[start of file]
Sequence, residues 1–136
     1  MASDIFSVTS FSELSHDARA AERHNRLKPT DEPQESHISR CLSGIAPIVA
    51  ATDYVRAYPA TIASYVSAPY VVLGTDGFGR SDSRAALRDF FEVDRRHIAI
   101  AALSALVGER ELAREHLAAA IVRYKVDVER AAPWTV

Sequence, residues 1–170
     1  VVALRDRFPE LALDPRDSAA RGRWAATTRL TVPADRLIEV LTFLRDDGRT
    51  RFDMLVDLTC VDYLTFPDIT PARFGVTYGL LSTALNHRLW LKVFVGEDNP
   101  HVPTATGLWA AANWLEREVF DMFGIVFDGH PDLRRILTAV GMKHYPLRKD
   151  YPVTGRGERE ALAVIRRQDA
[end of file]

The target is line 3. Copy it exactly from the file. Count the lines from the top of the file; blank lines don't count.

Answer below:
    51  ATDYVRAYPA TIASYVSAPY VVLGTDGFGR SDSRAALRDF FEVDRRHIAI